“Facebook is possibly the most illogical underlying data structure and it is certainly not a simple or straightforward environment in which to work. Now add to that the massive volumes of data and the massive volumes of interactions. Like many vendors we’re working on a gateway into Facebook and I can tell you that the complexity and the challenges are enormous.”
The right approach
So what is a company to do?
When enterprise software was a platform discussion a few years ago, and business intelligence was part of that platform, the decision was easy. But with the tide turning back to best-of-breed, is it still a good idea to choose a single vendor for everything? MicroStrategy’s Bannerman says it’s not a good idea for the vendor to try to be all things to all people in the first place.
“If they do that, you end up with an organisation that is typically stretched across too many different areas. Fairly shortly afterwards, they go from being leaders in individual areas to also-rans. In the Gartner quadrants, for example, during the years of the megavendors, the big boys raced right up into the top right but now they’re falling back down again. The independents are the ones who are flexible and agile enough to solve problems and react to trends.”
Stephens says the approach to choosing BI is common sense.
“If you carve it up properly, you will sit down and create a business functionality matrix. What do you need? A query and reporting tool, a slide and dice, something for Office integration, something for web content and so on. You will find a big end-to-end platform may not have the entire functionality you need. Then there are the small, quick problem-solving tasks where you need to do something with analytics. If you don’t have a platform in place, it has to be departmental. What does a retail bank do to deal with customer churn right now? It goes out to get the quick and agile tools that can be implemented in a month.”
“Some tool is better than no tool. Rather have point tools that have a short ROI than have no tool. Of course if you’re still paying for a BI tool after a few years, you’ve bought the wrong tool. Remember the most important quality of BI is to be able to forecast. That way you can properly run sales and resource analysis.”
But how you put in a tool is key. Stephens has two contrasting examples.
“What works best for the big enterprise? I’ve seen in the last 18 months two of the top banks doing the same kind of modernisation programme of their overall analytical platforms in the credit space. One was extremely rigid and was run through enterprise project management. The other was far more flexible at a departmental level but even at the top level, they were able to collaborate between cards, home loans and vehicle finance. We estimated they would take about six months and they did it in three. The other bank has, after 18 months, only just started getting the users to migrate. So they’ve spent 18 months in process. Within the regulated organisations, everything was segregated to the nth degree. So the Unix administrator could not talk to the security administrator: it had to be a change request that required seven approvals. To add a user to the system could take four days in case one of the guys was on leave. That process is going to kill you. You are going to lose business.”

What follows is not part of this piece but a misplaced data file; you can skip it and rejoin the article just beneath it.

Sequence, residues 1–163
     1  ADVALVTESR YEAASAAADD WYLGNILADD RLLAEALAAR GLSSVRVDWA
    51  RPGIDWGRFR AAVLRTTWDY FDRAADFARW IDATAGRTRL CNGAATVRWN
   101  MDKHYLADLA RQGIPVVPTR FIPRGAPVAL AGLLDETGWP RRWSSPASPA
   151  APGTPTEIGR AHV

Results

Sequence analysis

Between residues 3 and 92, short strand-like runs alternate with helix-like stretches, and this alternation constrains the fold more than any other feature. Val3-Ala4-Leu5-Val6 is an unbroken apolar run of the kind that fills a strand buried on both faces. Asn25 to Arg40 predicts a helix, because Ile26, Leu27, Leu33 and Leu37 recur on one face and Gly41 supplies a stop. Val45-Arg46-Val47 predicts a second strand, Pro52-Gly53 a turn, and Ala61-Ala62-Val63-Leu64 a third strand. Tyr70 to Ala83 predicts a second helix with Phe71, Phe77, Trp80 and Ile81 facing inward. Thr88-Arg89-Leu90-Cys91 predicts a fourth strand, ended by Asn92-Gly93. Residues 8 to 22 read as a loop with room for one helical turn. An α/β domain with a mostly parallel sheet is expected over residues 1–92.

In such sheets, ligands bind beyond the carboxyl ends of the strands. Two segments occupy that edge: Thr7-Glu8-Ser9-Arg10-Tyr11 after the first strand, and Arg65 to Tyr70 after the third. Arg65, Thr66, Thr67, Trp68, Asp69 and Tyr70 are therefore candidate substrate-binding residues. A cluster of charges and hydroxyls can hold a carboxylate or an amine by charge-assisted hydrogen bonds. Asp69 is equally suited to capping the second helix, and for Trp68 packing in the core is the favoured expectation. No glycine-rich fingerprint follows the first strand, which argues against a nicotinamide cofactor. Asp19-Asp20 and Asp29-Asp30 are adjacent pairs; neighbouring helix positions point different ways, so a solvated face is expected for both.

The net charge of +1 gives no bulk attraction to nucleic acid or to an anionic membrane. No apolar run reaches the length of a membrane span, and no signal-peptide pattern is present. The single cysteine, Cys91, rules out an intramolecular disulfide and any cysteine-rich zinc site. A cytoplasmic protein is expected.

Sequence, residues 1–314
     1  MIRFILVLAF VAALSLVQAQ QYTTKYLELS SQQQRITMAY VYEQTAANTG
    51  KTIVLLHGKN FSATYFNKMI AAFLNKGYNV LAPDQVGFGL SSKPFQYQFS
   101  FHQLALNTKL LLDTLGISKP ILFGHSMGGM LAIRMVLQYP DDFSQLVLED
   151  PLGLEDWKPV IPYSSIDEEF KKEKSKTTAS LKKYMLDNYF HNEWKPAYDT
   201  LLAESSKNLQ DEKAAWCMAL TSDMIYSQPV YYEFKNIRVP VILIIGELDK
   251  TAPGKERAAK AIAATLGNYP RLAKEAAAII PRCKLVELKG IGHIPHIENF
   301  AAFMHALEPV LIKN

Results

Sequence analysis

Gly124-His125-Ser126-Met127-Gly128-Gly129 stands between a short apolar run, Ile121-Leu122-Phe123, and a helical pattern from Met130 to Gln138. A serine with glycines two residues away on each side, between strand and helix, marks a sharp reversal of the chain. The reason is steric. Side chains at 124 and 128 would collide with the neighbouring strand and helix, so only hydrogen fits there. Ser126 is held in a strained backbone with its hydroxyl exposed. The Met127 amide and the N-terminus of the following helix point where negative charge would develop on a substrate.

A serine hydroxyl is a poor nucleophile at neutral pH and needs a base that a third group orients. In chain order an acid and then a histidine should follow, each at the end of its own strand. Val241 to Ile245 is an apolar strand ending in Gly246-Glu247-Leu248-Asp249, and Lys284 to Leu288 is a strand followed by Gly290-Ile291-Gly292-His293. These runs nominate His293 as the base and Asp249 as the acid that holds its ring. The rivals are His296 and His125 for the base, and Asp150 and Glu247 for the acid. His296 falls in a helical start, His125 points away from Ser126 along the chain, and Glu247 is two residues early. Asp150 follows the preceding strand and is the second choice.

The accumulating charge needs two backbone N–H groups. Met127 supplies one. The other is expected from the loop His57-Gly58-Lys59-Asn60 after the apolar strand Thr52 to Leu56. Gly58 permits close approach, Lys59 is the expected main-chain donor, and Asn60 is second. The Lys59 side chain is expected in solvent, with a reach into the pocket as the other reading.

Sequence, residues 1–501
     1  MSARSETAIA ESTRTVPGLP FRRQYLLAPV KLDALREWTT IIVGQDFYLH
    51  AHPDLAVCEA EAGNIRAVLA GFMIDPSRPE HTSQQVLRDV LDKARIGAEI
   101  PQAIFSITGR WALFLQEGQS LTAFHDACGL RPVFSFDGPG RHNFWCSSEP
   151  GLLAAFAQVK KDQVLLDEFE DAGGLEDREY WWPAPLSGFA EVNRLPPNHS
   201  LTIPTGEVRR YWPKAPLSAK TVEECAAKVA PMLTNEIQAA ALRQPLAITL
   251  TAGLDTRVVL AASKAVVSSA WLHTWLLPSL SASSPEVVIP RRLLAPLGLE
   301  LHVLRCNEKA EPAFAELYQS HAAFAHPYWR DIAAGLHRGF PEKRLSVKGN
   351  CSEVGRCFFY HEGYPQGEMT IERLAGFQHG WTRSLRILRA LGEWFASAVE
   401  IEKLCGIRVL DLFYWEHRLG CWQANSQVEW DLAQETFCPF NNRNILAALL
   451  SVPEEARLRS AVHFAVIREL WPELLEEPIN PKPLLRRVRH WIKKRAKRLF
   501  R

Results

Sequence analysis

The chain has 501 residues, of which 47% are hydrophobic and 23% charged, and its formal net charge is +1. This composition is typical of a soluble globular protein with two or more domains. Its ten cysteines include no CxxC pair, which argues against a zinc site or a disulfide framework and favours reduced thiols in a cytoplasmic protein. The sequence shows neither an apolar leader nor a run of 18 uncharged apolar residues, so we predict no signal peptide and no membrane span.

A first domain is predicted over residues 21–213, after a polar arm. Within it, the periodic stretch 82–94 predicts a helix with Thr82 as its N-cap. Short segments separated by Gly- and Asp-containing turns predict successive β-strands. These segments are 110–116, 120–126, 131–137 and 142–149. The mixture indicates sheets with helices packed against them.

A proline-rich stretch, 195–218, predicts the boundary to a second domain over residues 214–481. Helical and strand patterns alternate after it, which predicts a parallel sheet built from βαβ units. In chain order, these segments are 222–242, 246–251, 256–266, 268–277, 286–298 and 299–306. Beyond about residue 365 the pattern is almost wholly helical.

Lack of analysis
Bannerman has seen lack of analysis burn some telcos.
“Some of the telcos are struggling because they have poor, low-value customers who burn all their bandwidth and network. They haven’t done any analysis on which ones they don’t mind churning and which ones they keep.”
What’s next? Naidoo says in-memory technologies as customers demand more speed.
“For us as implementation partners of BI vendors, the biggest complaint is one of speed. Some tools have better interfaces than others but when you finally figure out how to get a report, it then takes four hours to get it out. That’s why in-memory is very exciting. If BI is to be a catalyst for real forecasting and business decision-making, it needs to be immediate. If I am a CEO and can pull up live numbers on my iPad, then BI is a real swinger. I will make a decision to do new investments.”
Stephens says this is exactly the reverse of a decade ago: when BI was only let loose on copies of offline data.
“Ten years ago, when we evaluated BI tools, one of the criteria was that it had to be offline. Now it’s exactly the opposite. We all want the latest numbers now. And it’s the mobile aspect that is pushing the boundaries of real-time processing, hence the move to in-memory. CEOs want highly visual, condensed numbers to view right now on a mobile device, and they want to be able to drill down further. They’re not going to be happy lying in bed knowing their sales numbers are down until they know why.”